After a brief absence, Shinobi Sunday returns to WaHNtHaC (and as an aside, I think I need to name a PC or NPC Wahnthac in the future).
Today, I'm talking about one of the best games ever released for the NES, Ninja Gaiden! I also wax pedantic. You've been warned.
It was also one of the hardest games of its era, and the NES was well known for having tough games.
The blue guy in the screenshot above, for those who don't know, is Ryu Hayabusa, the ninja protagonist of this game series. He's on a mission to take out some evil cultists who want to summon a demon and end the world. Pretty standard fare for a ninja in the 1980's, apparently.
Back then, I had no idea I'd ever learn Japanese, let alone live there for a decade. Looking back now, I can only smile at the way we mangled the Japanese in the game.
We called the game, writing it phonetically the way we pronounced it, "Ninja Gay-dun" The actual pronunciation is phonetically "Ninja Guy-den" The poor protagonist we mispronounced (not knowing any better, of course) as Rye-you Hay-a-byoo-sa. Ryu is pronounced r'you, but with a sort of rolling 'r' that's sort of between an r, l, and d. Takes some getting used to when learning Japanese. Hayabusa is 'ha-ya-boo-sa.'
More interesting to the rest of you than my mispronunciations and feeble attempts to teach the proper way over a written blog, would likely be my assumption that the Ryu Hayabusa of Ninja Gaiden (whose father is Ken Hayabusa) was somehow related to the Ryu and Ken of the Street Fighter games.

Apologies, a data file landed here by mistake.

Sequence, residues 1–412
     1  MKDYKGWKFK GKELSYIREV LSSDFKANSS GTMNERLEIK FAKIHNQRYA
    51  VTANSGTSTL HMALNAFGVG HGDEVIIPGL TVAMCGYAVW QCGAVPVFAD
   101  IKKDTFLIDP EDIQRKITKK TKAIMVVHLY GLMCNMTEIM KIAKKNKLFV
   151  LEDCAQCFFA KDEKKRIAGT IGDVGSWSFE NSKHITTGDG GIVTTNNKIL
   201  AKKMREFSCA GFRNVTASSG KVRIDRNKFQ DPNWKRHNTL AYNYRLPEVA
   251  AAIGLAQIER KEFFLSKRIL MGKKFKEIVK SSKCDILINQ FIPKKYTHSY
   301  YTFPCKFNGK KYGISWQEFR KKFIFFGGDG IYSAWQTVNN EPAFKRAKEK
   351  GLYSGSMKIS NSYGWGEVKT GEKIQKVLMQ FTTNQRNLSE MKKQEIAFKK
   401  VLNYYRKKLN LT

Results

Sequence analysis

No, there's no connection. Ninja Gaiden games are from Tecmo, Street Fighter is from Capcom. Ryu just means dragon, so it's a popular name for video game characters. Hayabusa means falcon, if anyone's wondering.
I haven't had a chance to play the new 3D versions of the games for the X-Box and PS3. Maybe some day. I hear they're also pretty difficult, which is refreshing. So many of the recent 'revival' games of classic NES games really make them too easy (Castlevania, Metal Gear, I'm looking at you).
The old NES games were tough, sorta like Old School D&D. You had lots of lives and continues in those games, because you NEEDED them. Now you just get save points all over the place so you can pretend that you never had to die as you played through the game.
I don't mind dying, as long as I'm having fun.
Judges Guild - The Dungeoneer #17 (May/June 1980)
33 minutes ago